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Indians Indians Archive The B-List: 8/25
Written by Steve Buffum

Steve Buffum
Interestingly enough, the half-game separation between Cleveland and Detroit in the standings was largely what Buff expected when looking at the schedule in March.  The circumstances aren't EXACTLY what he envisioned, though.  (He also didn't foresee a Zach Jackson - Armando Galarraga showdown.) Regardless, the Indians won their eighth straight game last night over the Tigers.  And Buff talks about it in today's B-List.
Indians (63-67)10110000014111
Tigers (64-67) 0100101000390

W: Donnelly (1-0) L: Glover (1-3) S: J. Lewis (7) 

Interestingly enough, the half-game separation between Cleveland and Detroit in the standings was largely what I expected when looking at the schedule in March.  The circumstances aren't EXACTLY what I envisioned, though.  (I also didn't foresee a Zach Jackson - Armando Galarraga showdown.) 

1) Mook in training 

I still haven't really seen enough of Zach Jackson to even form a good knee-jerk opinion of where he falls in the pecking order: his delivery is not very "fluid" in the same way that Napoleon Dynamite's dancing was not "athletic."  He supposedly throws in the low-90s, although that doesn't seem to happen all that often.  He's described as a sinker/cutter guy, but his slider looked like a better pitch on occasion last night. 

One thing Jackson has going for him is that his array of low stuff does encourage batters to beat the ball into the ground: his 8:5 GO:FO ratio is nothing special, but it does seem repeatable.  He hasn't been able to duplicate his low-sample 2.25 ratio he put up in Milwaukee, but his 1.59 in Cleveland is pretty solid, definitely on the right side of things for a guy who doesn't miss a lot of bats.  Of course, last night he did get 6 strikeouts, 4 of them swinging, in 6 1/3 innings of work, so maybe he's figuring out how to locate that two-strike pitch.  One game isn't very meaningful, but it's worth mentioning that his three starts featured 1, 4, and 6 Ks. 

One of the nice things about those numbers is that they're accompanied by 1, 1, and 0 walks: I don't necessarily think Jackson will maintain a K:BB ratio over 5, but keeping guys off the basepaths will help a guy without overpowering stuff enormously. 

Now, Jackson did give up a pair of solo shots, and while they were indeed single runs, no one particularly misses that feature of Paul Byrd's game.  If you're going to get any mileage out of being a groundball pitcher, it's best to keep the ball in the park, especially one as cavernous as Comerica.  Still, Jackson did a pretty good job of keeping the Detroit lineup in check: the only inning in which he allowed more than one hit, he induced a double play and got the next hitter to escape unscathed.  And if not for a couple of infield bleeders, he might have gotten his first win of the season.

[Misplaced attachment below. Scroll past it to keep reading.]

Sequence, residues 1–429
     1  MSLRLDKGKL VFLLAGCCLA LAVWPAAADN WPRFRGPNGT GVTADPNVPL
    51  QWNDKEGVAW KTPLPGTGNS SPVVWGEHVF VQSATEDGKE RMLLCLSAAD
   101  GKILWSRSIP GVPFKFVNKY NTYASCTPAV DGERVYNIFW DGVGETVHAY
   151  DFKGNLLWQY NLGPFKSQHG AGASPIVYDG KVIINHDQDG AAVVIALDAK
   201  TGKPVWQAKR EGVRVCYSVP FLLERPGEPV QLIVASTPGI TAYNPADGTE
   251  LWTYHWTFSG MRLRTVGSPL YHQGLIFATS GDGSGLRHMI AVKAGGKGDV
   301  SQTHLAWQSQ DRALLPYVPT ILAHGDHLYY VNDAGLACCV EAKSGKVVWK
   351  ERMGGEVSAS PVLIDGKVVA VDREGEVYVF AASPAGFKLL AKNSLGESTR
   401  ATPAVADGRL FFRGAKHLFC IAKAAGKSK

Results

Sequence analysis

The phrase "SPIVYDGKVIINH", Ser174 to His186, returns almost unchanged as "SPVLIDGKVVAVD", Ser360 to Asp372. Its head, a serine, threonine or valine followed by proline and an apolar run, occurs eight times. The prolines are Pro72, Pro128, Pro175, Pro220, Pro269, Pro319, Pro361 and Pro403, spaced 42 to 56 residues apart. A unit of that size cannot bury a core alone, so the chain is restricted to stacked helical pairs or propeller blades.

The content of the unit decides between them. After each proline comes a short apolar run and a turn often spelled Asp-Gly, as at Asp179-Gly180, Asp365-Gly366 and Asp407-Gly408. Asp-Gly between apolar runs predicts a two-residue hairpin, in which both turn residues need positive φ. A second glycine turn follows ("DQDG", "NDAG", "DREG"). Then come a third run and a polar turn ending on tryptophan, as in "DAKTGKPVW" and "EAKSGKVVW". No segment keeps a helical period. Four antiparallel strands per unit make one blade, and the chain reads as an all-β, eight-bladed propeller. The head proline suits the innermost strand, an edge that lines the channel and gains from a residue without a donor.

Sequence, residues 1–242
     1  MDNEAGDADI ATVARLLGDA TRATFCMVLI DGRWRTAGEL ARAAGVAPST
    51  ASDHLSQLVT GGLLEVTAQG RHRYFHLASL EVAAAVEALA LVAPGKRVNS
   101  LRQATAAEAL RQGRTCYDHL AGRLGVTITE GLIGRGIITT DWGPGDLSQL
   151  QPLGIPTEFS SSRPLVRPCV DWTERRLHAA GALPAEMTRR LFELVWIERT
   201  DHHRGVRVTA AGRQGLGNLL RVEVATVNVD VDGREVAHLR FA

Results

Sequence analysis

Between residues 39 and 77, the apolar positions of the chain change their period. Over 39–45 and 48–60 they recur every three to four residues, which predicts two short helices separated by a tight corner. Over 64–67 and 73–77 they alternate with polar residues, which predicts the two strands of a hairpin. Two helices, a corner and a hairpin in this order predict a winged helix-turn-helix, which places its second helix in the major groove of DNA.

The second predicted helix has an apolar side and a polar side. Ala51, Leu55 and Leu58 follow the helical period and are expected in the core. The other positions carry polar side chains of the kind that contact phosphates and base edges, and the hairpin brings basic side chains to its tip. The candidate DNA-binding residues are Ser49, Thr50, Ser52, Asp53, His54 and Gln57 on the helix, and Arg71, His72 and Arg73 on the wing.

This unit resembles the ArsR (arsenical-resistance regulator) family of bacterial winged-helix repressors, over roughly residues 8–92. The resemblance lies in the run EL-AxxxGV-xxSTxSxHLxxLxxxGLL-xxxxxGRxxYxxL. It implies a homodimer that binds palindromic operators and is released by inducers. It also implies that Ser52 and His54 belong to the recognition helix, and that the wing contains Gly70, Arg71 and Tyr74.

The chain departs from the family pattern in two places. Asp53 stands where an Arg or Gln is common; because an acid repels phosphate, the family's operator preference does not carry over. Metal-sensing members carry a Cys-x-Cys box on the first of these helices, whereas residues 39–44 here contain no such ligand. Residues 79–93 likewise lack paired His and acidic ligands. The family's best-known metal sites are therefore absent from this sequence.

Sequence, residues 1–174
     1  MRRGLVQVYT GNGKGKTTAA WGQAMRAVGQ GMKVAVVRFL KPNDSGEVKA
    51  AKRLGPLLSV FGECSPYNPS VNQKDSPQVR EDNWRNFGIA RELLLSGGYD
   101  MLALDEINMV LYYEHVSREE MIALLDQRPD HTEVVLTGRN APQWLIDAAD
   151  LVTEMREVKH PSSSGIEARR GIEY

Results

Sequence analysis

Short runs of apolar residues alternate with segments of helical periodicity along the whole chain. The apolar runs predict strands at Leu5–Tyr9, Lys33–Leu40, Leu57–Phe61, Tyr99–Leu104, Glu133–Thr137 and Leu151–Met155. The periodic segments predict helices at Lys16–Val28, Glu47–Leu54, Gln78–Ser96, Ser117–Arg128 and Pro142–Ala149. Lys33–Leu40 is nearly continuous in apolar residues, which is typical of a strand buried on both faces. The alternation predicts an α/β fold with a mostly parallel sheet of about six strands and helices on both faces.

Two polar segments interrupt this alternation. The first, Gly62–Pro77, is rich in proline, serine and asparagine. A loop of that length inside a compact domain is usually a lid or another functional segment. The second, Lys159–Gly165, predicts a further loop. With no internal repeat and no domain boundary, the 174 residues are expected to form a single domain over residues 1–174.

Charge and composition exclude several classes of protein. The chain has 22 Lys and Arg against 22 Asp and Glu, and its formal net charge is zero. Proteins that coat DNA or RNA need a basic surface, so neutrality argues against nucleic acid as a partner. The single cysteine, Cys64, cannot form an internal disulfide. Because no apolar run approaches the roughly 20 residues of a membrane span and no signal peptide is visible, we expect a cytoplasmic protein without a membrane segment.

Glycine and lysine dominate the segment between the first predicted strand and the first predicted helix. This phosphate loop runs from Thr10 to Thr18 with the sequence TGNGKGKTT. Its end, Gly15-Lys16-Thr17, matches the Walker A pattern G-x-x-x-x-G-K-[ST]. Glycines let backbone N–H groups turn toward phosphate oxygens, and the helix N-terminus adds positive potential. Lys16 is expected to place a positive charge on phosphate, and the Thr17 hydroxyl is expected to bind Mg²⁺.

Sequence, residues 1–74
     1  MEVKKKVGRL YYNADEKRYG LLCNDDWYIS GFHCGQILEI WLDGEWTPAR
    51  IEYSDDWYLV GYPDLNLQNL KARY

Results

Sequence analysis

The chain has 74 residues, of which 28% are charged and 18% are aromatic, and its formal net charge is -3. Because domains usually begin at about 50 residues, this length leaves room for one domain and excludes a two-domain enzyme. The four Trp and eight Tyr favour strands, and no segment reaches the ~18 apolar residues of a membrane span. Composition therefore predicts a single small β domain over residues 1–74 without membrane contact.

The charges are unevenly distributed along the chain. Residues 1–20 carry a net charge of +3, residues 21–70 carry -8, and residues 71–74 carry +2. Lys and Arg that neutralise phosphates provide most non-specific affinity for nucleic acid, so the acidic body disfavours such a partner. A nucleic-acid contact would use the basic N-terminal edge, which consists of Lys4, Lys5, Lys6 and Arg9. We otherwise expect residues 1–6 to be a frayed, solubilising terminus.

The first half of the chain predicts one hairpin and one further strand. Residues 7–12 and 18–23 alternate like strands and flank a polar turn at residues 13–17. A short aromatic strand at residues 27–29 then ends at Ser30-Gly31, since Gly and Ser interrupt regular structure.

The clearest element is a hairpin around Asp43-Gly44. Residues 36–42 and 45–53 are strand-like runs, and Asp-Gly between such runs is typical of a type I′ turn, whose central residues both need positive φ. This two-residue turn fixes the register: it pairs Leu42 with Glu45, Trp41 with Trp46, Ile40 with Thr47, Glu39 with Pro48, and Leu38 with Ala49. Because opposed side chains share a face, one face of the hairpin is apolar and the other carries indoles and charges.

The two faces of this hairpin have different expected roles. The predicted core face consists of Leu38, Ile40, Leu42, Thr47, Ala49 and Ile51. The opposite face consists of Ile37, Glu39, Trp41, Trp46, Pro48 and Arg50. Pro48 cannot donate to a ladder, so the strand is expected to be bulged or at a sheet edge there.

I guess what it comes down to is, what are you asking your 4th/5th starter to be able to do?  Obviously he should keep runs off the board: Jackson hasn't been particularly good at that, but he's done better in each start.  You'd like him to be able to get through 6 innings: Jackson's done that twice.  His WHIP of 1.31 is pretty decent as an Indian, and the low walk total encourages me.  If he can actually maintain a K/9 rate in the 6 neighborhood (he's at 5.4 as an Indian), combined with ground balls and some double plays, and those numbers would play. 

One of the things about Jackson is that he has a real platoon split right now: some of this is a product of very low samples, but coming into the game, he held lefties to a .211/.286/.211 line, while righties hit him significantly harder at .348/.380/.435.  Both home runs came off the bats of right-handed hitters, so these numbers look even worse today.  This contrasts with Jeremy Sowers, for example, who gets pounded by everybody.  It may be that Jackson's ultimate role is the one Milwaukee was trying to cram him into, that of left-handed relief pitcher.  I'm of mixed mind on this: I value starters more, and Jackson is clearly capable of starting capably.  It's just that "capable" might be his ceiling. 

2) St. Grady 

Stuck on a paltry 29 home runs for the season, Grady Sizemore succumbed to the pressure of becoming Cleveland's second 30/30 (home runs/stolen bases) player in history and did not swing at the first pitch of the game (which was out of the strike zone). 

He recovered quickly, though, and hit the SECOND pitch of the ballgame over the left-center field wall for his 30th home run on the season. 

With that enormous weight off his shoulders, he breathed a sigh of relief and drove the FIRST pitch he saw in his next plate appearance over the right-field wall for his 31st homer. 

Sizemore hopes to join the pretigious 33/33 club and begin an advertising campaign for Rolling Rock beer in the next couple of days. 

3) Enough with the Smallball already! 

The late innings of a tight game always seem to be the best time to pull out the Smallball weapons from the managerial bag: play for one run, ‘cause that's all you need.  I mean, unless you put Juan Rincon on the mound or something.  Or you're playing an A.L. team other than Seattle.  But you get the idea: the single run grows in magnitude as the game wears on.  And, after all, we'd just scored the winning run the other night as a direct result of a successful sacrifice bunt, so the memory was fresh in everyone's mind except Jhonny Peralta's.